Thursday, April 5, 2012

Homily for Holy (Maundy) Thursday


John 13:1-15, 34-35; 1 Corinthians 11:23-32; Exodus 12:1-14

In the Name of the Father and of the + Son and of the Holy Spirit.

Tonight you will remember how Jesus has made all things new: How He has given you a new Passover Feast in the Blessed Sacrament of His body and His blood. How He has given you a new example of love in His selfless and sacrificial service of His disciples. How He has given you a New Commandment, that you should love each other, your brothers, and your neighbors, as He has loved you. And of how, on the night when He was betrayed, He made with His Father a New Covenant in His holy and innocent shed blood, that the Angel of Death would pass over you. Tonight you will hear all this. Tonight you will receive all this. And, tonight you will do all this in remembrance of your Lord Jesus who has loved you to the end.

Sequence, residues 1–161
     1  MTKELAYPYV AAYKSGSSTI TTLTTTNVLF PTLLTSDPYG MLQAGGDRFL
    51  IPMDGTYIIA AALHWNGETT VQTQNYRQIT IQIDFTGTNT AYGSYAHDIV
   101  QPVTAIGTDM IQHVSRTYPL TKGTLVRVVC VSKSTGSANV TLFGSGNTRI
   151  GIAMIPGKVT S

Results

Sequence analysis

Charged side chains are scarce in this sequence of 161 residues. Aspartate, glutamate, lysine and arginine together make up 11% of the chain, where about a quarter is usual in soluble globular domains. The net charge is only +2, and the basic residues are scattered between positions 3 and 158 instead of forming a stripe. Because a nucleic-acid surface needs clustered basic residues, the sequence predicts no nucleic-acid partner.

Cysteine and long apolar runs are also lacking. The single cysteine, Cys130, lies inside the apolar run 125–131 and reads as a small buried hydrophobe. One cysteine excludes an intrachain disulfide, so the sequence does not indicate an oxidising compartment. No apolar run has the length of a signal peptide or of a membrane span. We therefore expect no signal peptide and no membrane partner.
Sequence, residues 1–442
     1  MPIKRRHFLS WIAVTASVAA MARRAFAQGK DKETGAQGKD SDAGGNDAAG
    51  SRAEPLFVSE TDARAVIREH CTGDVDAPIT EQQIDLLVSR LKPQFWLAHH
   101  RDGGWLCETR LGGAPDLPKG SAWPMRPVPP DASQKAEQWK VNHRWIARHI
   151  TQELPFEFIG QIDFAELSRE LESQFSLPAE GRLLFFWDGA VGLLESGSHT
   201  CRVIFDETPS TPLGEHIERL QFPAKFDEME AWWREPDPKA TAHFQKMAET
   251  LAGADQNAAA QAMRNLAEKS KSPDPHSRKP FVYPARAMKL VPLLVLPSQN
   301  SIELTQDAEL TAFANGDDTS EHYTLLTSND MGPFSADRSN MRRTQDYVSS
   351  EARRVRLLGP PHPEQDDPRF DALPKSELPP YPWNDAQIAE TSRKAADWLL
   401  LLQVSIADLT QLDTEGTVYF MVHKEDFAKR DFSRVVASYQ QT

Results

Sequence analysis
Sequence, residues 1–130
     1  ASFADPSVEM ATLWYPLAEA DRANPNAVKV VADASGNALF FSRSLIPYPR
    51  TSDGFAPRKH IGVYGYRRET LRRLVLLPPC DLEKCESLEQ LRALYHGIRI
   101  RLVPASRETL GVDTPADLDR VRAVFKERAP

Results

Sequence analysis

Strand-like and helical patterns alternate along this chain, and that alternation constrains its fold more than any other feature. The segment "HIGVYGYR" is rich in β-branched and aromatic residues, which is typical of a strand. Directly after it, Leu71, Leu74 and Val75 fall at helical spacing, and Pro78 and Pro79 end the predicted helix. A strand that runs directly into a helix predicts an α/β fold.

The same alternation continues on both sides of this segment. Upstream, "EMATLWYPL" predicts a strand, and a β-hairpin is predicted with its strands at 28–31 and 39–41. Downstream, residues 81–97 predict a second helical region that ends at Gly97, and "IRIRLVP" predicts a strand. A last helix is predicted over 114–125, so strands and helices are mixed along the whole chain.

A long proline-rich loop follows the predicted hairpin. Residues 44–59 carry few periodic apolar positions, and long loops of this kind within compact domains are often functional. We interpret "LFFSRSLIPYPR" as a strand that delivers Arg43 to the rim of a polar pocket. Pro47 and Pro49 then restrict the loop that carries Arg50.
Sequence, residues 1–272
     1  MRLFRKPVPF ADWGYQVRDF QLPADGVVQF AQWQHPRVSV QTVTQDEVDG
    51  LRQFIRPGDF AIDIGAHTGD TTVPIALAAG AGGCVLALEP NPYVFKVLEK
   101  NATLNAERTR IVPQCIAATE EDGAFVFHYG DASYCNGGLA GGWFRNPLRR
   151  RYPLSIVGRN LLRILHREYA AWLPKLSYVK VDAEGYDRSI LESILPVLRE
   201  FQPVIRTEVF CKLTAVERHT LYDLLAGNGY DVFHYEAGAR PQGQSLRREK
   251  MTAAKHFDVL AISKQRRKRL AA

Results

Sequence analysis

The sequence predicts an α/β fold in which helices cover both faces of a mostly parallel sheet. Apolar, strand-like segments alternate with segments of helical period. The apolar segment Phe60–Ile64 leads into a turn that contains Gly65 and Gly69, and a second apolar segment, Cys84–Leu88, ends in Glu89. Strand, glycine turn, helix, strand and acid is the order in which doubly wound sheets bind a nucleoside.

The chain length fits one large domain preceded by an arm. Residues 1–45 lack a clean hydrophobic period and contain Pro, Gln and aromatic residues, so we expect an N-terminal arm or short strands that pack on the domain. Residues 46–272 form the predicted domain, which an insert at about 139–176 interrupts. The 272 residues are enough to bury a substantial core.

The Passover was the Feast of God’s deliverance of His people out of slavery and bondage in Egypt. It was a feast of remembrance – remembrance of the judgment God executed upon Satan and sin and death, symbolized by the nine plagues which befell the Egyptians and the tenth and final plague, the killing of all of Egypt’s first born men and livestock. Judgment was executed upon all of the gods of the Egyptians, even upon the son of Pharaoh himself. But the LORD’s mercy was shown to the children of Israel as He commanded them to sacrifice an innocent, unblemished lamb, and to mark their doorposts and lintels with its blood that the Angel of Death would pass over their homes and spare their firstborn, both man and beast. On the fourteenth day of Nisan, each household was commanded to take a one year old, unblemished, male lamb, from either the sheep or the goats, and, together, they were to kill their lambs at twilight, roughly between the hours of 3pm and sunset at 6pm. They were then to take some of the lamb’s blood and put it upon the two doorposts and the lintels of their homes and then eat the flesh of the lambs that night in their homes, roasted on the fire, with unleavened bread and bitter herbs. Each and every year thereafter, they were to do this in remembrance of the LORD’s mighty deliverance of His people out of the House of Bondage in Egypt.